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A sculpture of yellow marble.

The sculpture is made from golden yellow marble. One end is oval and is marked with lighter colored areas and darker veining. The piece tapers in slightly before widening in a gently rounded curve and taper to a point at the end. The surface overall is smooth and highly polished.

Gallery Text

This intimate sculpture is a later work in Brancusi’s continual study of Margit Pogany, a Hungarian painter who met and first posed for the artist in Paris in 1910. Hand demonstrates Brancusi’s increasingly reductive sculptural technique in his search to achieve representation through essential form. In this portrayal, the complex network of lines and curves that together compose a hand are distilled to the subtle contour of a single shape, carved in smooth, warm-hued marble. This sculpture has the potential to evoke both the seductive and the sinister; it is at once a fetish-like token and the uncanny relic of a dismembered body. Brancusi’s sculpture appealed to the surrealists because of what they saw as its allusions to the instinctual.

Identification and Creation

Object Number
Constantin Brancusi, Romanian (Hobita (Gorj), Romania 1876 - 1957 Paris, France)
Hand of Mademoiselle Pogany
Work Type
Persistent Link


Level 1, Room 1310, Modern and Contemporary Art, Surrealism
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Physical Descriptions

Yellow marble
30.4 x 6.4 x 5.1 cm (11 15/16 x 2 1/2 x 2 in.)


Recorded Ownership History
Constantin Brancusi, gift; to John Quinn, New York, New York, (1921-1924); toJohn Quinn Estate, (1924-1926). Meredith Hare, (1926-1932), by descent to David Hare. [Jane Wade Gallery, New York, New York], sold; to Fogg Art Museum, 1964.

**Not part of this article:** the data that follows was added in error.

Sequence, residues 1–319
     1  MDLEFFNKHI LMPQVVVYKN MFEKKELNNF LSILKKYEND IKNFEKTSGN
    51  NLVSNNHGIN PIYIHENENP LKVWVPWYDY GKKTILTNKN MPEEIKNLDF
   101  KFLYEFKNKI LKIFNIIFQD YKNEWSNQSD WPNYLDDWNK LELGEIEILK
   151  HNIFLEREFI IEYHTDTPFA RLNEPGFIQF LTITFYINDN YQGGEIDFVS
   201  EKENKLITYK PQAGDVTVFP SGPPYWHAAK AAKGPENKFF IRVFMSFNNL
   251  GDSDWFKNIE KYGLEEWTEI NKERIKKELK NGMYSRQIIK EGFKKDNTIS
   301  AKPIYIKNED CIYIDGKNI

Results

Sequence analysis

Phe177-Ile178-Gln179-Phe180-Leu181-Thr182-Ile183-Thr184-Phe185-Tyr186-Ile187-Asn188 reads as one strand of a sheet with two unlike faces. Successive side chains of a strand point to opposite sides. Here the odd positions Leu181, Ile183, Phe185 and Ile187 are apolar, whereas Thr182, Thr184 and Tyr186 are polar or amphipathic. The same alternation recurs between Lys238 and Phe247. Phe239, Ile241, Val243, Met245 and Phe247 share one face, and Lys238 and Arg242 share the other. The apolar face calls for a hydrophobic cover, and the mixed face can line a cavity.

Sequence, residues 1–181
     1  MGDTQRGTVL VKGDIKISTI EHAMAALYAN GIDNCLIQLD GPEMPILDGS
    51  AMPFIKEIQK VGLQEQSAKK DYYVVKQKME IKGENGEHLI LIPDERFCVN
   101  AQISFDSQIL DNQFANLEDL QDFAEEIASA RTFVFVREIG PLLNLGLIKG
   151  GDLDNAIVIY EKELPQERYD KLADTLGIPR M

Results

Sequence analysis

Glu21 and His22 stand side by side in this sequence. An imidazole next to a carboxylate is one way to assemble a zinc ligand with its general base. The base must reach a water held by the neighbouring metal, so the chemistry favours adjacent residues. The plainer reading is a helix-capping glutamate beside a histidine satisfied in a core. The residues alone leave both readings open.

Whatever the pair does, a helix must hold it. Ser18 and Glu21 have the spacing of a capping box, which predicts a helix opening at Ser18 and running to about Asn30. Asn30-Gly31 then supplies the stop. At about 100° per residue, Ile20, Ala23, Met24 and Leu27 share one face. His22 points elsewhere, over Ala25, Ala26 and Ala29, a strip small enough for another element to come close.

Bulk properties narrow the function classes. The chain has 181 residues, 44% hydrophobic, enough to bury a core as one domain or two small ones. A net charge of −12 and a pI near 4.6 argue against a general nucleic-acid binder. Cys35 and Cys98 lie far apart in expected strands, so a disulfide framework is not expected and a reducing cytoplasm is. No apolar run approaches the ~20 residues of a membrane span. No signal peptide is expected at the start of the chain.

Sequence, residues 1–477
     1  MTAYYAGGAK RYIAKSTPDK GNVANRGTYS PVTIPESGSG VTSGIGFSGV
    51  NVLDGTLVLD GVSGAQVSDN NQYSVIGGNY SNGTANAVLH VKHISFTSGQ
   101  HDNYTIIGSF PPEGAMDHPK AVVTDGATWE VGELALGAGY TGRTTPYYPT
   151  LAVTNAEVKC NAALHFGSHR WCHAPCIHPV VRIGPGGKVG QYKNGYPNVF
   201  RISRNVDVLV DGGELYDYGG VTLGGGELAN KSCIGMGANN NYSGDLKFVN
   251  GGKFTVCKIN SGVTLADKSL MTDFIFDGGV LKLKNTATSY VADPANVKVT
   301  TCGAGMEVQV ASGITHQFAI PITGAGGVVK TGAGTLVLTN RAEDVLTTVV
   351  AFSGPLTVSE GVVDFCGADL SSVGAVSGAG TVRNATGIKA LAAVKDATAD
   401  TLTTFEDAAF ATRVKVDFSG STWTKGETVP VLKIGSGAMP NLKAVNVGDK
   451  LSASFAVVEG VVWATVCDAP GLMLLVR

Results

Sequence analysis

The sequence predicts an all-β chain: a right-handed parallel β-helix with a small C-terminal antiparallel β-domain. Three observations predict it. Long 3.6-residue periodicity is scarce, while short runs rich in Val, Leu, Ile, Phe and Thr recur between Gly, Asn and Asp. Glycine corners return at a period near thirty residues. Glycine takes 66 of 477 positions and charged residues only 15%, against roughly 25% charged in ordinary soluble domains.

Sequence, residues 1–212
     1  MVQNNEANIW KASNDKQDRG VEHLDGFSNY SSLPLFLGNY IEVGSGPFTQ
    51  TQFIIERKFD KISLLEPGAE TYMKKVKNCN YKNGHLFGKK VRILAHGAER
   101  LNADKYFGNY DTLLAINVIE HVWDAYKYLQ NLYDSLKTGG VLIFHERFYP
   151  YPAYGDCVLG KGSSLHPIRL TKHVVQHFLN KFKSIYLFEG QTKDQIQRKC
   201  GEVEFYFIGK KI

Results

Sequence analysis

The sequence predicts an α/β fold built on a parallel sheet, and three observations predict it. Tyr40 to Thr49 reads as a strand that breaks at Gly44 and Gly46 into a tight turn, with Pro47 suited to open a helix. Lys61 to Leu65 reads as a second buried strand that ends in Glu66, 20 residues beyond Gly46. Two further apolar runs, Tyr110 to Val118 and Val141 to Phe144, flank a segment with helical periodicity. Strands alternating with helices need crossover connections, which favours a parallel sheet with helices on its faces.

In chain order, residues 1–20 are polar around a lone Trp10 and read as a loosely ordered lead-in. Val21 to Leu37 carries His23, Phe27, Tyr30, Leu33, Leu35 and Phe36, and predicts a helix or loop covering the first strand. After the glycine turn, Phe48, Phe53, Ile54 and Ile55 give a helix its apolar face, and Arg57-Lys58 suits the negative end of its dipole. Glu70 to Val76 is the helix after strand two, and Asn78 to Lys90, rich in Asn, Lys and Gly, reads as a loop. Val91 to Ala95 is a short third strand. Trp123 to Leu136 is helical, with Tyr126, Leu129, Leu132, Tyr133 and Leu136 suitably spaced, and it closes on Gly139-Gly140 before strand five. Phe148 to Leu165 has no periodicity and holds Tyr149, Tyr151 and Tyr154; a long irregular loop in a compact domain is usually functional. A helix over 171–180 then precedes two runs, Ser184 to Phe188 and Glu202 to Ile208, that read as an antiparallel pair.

Acquisition and Rights

Credit Line
Harvard Art Museums/Fogg Museum, Purchase through the generosity of Mr. and Mrs. Max Wasserman
© Artists Rights Society (ARS), New York / ADAGP, Paris
Accession Year
Object Number
Modern and Contemporary Art

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Publication History

  • National Gallery Alexandros Soutzos Museum, Six Leading Sculptures and the Human Figure, page 290
  • Judith Zilczer, 'The Noble Buyer': John Quinn, Patron of the Avant-Garde, exh. cat., Smithsonian Institution Press (Washington, D.C, 1978), cat. no. 6, repr., p. 151
  • Clive Dilnot, "The Enigma of Things", Harvard University Art Museums Bulletin (Cambridge, MA, Winter 1993 - Winter 1994), vol. II, no. 2, repr. p. 57
  • Ivan Gaskell, "Writing (and) Art History: Against Writing", The Art Bulletin, College Art Association of America (September 1996), pp. 403-406 (repro. p. 405)
  • Carmen Giménez, ed., Constantin Brancusi: The Essence of Things, exh. cat., Tate Gallery Publishing Limited (London, UK, 2004), p. 55, Fig. 30 (repr. in color), p. 55-6 (text)
  • Jacquelynn Baas, Smile of the Buddha: Eastern Philosophy and Western Art from Monet to Today, University of California Press (Berkeley, Los Angeles, and London, 2005), p 70

Exhibition History

  • "The Noble Buyer:" John Quinn, Patron of the Avant-Garde, Hirshhorn Museum and Sculpture Garden, Washington, D.C., 01/01/1978 - 12/31/1978
  • Six Leading Sculptors and the Human Figure. Rodin, Bourdelle, Maillol, Brancusi, National Gallery Alexandros Soutzos Museum, 116 01 Athens, 06/09/2004 - 09/30/2004
  • Ancient to Modern, Harvard Art Museums, Cambridge, 01/31/2012 - 06/01/2013
  • Modern Art and Modernity, Harvard Art Museums, Cambridge, 01/31/2013 - 06/01/2013
  • 32Q: 1310 Surrealism, Harvard Art Museums, Cambridge, 11/16/2014 - 01/01/2050

Verification Level

This record has been reviewed by the curatorial staff but may be incomplete. Our records are frequently revised and enhanced. For more information please contact the Division of Modern and Contemporary Art at